I was also a bit saddened by the island the ranch provided. The characters rarely go into town and consequently the western aspect of the novel is not really exploited. Though the isolation of Ruth and Hannah with Jed and Jodie provides some really sweet « family » moments between the four of them.

The constant danger that Josh provides to the story is a good idea as it brings some action, but it is too easy to guess when and how he is going to act. He is the bad guy and that’s it. He seems to only be used as a plot device.

All in all it is not a bad read but the novel could gain in subtlety in its narration to make the actions and feelings of the various characters less obvious. The lack of any suspense whatsoever kept putting me off. As a result of this lack of depth I didn’t enjoy the novel as much as I expected to and I know it’s not going to end up in my « to reread » pile of books.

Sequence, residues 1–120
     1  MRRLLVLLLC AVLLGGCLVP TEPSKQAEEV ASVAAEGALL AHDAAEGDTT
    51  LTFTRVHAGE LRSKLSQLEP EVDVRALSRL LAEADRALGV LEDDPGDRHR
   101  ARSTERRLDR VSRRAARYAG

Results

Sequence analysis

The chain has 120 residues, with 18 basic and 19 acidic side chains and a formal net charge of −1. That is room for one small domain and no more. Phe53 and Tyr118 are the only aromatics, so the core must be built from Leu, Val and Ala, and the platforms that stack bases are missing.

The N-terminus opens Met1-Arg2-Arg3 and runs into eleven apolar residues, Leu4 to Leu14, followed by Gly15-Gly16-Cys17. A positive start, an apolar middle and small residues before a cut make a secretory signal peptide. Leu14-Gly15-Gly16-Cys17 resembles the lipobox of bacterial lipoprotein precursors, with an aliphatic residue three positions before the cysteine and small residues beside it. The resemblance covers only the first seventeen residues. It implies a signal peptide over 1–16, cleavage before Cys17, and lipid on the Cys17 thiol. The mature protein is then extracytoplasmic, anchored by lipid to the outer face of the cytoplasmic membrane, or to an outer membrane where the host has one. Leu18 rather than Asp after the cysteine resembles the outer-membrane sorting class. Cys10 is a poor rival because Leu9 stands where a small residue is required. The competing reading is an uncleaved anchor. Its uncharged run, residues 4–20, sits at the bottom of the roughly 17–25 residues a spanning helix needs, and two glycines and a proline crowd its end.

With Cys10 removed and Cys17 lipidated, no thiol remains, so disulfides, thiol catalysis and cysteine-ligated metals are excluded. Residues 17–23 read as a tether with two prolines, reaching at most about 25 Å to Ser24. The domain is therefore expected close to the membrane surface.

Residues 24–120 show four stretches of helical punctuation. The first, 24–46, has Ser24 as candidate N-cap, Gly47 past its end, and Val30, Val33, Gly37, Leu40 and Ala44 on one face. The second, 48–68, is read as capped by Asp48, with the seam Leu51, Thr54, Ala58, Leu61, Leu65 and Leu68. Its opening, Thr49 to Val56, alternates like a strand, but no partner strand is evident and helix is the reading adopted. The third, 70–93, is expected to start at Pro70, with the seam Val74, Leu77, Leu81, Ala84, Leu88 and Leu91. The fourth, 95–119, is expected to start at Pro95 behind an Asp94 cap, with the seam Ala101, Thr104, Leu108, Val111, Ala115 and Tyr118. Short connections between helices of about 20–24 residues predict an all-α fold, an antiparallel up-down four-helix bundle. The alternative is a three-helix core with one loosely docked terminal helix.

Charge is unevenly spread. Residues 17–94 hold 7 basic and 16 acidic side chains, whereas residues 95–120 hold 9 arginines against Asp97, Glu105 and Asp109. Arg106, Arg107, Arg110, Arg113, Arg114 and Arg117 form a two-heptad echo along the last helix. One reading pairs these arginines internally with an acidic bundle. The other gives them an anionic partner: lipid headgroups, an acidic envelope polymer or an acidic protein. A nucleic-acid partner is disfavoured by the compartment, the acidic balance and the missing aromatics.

If you are looking for a light, quick and easy read about two girls falling in love in a vague western background – with a bonus of gay cowboys – this might be the book you’re looking for. Otherwise I wouldn’t particularly recommend it to you.

Guest Lesbrarian Stefanie reviews Marthy Moody by Susan Stinson

Welcome to our first Guest Lesbrarian post! This one is by Stefanie for lesbian writer Susan Stinson’s book Martha Moody, published in 1995. She also recommends some of Stinson’s  other fiction, including Venus of Chalk and Fat Girl Dances with Rocks. Please, send in your own guest lesbrarian review!

Susan Stinson’s Martha Moody is an extraordinary and evocative book. Set in the “Old West,” it tells a complex and uneasy story of two women loving each despite their familial and community commitments. I wanted this book to keep going, never to end, so that I could stay suspended in Stinson’s poetic voice.This book is unconventional in many ways (its characterizations, its lush language, its integration of stories within stories) and seeks to fully explore how two individuals choose and are forced to act within their social and personal circumstances. A gorgeous read.

Have you read any of Susan Stinson’s books? What did you think?